This page shows you the list charts. By default, the movies are ordered by how many times they have been marked as a favorite. However, you can also sort by other information, such as the total number of times it has been marked as a dislike.
These are films with interesting and complex ideas about science, technology, and society. They introduce concepts and imagine possible results or implications of our increasing use of science and technology.
The Hastings Bad Cinema Society's Poll of the worst movies of the 20th century (in alphabetical order). Their website is now sadly defunct but the list is present on several list sites on the web, and the original is accessible using the Wayback Machine Archive.
The poll's introduction reads:
On June 16, 1998, the American Film Institute announced its choices for the 100 greatest films ever made. The group called its list 100 Years, 100 Movies. To no one’s surprise, just about everybody in America disagreed with the titles on the list. Anybody can make a list of great movies. We [The Bad Cinema Society] thought it would be helpful if a group had the guts to put together a list of the all-time worst films. So, about a month after the AFI announcement, the Hastings Bad Cinema Society announced that it too would be making an "end of the century" list, but the 100 movies it planned to "honor" would all be stinkers.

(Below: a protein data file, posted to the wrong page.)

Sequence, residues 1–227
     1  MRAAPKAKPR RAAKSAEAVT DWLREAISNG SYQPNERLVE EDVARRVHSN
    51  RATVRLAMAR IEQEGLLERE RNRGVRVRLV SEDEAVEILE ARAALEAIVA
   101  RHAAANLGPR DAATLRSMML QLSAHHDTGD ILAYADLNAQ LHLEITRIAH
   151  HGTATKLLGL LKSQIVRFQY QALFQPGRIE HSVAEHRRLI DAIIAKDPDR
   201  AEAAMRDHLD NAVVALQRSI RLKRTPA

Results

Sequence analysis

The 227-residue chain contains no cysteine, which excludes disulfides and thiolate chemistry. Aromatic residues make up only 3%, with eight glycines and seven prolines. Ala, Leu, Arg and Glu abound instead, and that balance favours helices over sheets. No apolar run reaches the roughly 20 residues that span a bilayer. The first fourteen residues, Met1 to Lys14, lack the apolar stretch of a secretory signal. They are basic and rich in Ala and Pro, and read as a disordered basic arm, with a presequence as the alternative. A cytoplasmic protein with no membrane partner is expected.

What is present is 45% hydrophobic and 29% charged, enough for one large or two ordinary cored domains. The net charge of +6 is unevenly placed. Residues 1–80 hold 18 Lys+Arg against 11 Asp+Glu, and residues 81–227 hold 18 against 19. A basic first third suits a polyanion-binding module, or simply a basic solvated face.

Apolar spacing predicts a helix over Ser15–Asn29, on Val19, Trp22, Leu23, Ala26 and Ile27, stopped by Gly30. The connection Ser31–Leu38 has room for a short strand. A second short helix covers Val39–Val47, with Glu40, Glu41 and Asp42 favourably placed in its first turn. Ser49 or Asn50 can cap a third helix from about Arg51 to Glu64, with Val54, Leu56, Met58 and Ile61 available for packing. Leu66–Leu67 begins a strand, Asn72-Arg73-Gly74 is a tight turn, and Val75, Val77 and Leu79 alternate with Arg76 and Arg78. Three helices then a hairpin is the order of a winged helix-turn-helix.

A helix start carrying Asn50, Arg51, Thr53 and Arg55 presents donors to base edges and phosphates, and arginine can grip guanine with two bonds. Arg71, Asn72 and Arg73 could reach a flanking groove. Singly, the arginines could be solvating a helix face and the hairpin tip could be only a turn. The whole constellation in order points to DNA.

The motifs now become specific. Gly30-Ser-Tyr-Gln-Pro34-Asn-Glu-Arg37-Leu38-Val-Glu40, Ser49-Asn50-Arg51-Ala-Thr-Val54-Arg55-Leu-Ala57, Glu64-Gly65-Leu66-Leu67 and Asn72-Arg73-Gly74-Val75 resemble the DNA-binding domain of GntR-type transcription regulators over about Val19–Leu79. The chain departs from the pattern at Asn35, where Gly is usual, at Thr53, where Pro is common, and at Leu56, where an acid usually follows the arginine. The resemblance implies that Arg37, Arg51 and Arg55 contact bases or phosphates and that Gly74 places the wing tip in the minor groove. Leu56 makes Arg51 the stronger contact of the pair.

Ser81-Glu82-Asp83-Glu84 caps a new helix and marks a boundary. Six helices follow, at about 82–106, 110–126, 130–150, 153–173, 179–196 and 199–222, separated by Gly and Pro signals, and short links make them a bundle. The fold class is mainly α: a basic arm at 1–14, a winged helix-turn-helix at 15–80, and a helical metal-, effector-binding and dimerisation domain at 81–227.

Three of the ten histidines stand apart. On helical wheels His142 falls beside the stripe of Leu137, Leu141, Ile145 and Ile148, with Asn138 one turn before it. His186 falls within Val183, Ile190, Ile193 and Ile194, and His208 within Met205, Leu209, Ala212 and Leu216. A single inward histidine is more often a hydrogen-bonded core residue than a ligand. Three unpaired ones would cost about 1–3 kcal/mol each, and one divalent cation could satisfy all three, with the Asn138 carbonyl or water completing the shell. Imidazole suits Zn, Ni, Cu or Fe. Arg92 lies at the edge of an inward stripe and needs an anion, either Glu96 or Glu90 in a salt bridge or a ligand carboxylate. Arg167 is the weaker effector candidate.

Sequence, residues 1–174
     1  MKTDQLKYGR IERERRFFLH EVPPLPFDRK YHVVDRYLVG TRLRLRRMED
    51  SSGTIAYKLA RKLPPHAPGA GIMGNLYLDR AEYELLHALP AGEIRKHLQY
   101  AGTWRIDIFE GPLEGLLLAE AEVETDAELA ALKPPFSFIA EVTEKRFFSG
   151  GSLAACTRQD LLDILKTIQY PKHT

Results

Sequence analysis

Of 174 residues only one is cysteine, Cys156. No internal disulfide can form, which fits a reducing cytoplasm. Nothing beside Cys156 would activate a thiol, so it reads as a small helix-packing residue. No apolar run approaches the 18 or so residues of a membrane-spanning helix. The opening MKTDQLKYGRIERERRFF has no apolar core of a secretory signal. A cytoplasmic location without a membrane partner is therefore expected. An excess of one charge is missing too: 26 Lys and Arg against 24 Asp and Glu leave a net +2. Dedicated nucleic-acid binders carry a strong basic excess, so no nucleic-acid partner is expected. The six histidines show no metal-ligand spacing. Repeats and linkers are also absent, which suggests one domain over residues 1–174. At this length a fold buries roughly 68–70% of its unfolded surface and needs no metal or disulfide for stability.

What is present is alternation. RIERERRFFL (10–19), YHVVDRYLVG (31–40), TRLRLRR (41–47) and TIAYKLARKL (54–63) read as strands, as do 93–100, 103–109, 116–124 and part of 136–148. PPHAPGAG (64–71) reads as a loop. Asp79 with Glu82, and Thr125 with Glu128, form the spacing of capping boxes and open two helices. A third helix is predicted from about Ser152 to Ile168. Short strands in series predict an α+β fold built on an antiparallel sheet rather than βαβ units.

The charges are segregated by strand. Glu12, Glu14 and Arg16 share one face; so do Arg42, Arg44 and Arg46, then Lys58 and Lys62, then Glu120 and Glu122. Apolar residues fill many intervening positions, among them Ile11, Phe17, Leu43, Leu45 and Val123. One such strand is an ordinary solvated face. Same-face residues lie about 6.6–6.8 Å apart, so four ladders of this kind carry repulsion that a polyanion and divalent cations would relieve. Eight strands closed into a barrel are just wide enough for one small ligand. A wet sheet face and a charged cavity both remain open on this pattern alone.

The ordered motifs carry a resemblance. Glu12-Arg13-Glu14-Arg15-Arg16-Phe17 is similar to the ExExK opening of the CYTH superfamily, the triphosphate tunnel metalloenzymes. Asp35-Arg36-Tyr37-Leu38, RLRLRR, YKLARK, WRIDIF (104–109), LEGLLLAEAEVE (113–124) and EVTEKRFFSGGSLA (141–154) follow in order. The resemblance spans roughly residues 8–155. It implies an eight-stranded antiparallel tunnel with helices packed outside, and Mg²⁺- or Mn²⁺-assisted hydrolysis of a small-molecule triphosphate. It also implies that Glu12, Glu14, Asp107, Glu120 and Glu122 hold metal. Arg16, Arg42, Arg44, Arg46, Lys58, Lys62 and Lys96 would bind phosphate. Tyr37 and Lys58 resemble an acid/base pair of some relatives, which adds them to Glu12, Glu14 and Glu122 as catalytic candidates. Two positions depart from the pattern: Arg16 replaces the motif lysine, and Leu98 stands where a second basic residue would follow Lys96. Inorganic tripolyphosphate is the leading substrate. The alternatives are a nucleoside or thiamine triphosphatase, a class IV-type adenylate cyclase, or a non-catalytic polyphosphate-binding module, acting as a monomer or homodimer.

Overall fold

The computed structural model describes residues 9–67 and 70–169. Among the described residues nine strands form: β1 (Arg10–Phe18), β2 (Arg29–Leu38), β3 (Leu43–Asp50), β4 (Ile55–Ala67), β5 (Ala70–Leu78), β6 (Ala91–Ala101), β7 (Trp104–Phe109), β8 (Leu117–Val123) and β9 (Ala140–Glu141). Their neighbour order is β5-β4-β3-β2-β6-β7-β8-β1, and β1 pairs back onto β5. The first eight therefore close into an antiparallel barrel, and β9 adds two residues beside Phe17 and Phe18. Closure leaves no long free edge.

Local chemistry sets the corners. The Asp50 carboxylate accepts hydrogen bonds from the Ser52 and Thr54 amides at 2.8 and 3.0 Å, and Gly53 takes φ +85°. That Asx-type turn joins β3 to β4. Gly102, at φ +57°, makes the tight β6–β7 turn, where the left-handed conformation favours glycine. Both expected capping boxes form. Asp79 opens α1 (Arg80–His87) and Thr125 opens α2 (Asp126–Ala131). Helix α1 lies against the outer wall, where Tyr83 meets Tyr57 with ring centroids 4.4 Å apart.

This is the Amazon book description for "The A List", published in 2002:
People love movies. People love lists. So The A-List is a natural. While there are plenty of encyclopedic lists of films, this compulsively readable book of 100 essays—most written expressly for this volume-flags the best of the best as chosen by a consensus of the National Society of Film Critics. The Society is a world-renowned, marquee—name organization embracing some of America's most distinguished critics: more than forty writers who have national followings as well as devoted local constituencies in such major cities as New York, Chicago, Los Angeles, Boston, Philadelphia, Atlanta, and Minneapolis. But make no mistake about it: This isn't a collection of esoteric "critic's choice" movies. The Society has made its selections based on a film's intrinsic merits, its role in the development of the motion-picture art, and its impact on culture and society. Some of the choices are controversial. So are some of the omissions. It will be a jumping-off point for discussions for years to come. And since the volume spans all international films from the very beginning, it will act as a balance to recent guides dominated by films of the last two decades (hardly film's golden age). Here is a book that is definitely ready for its close-up.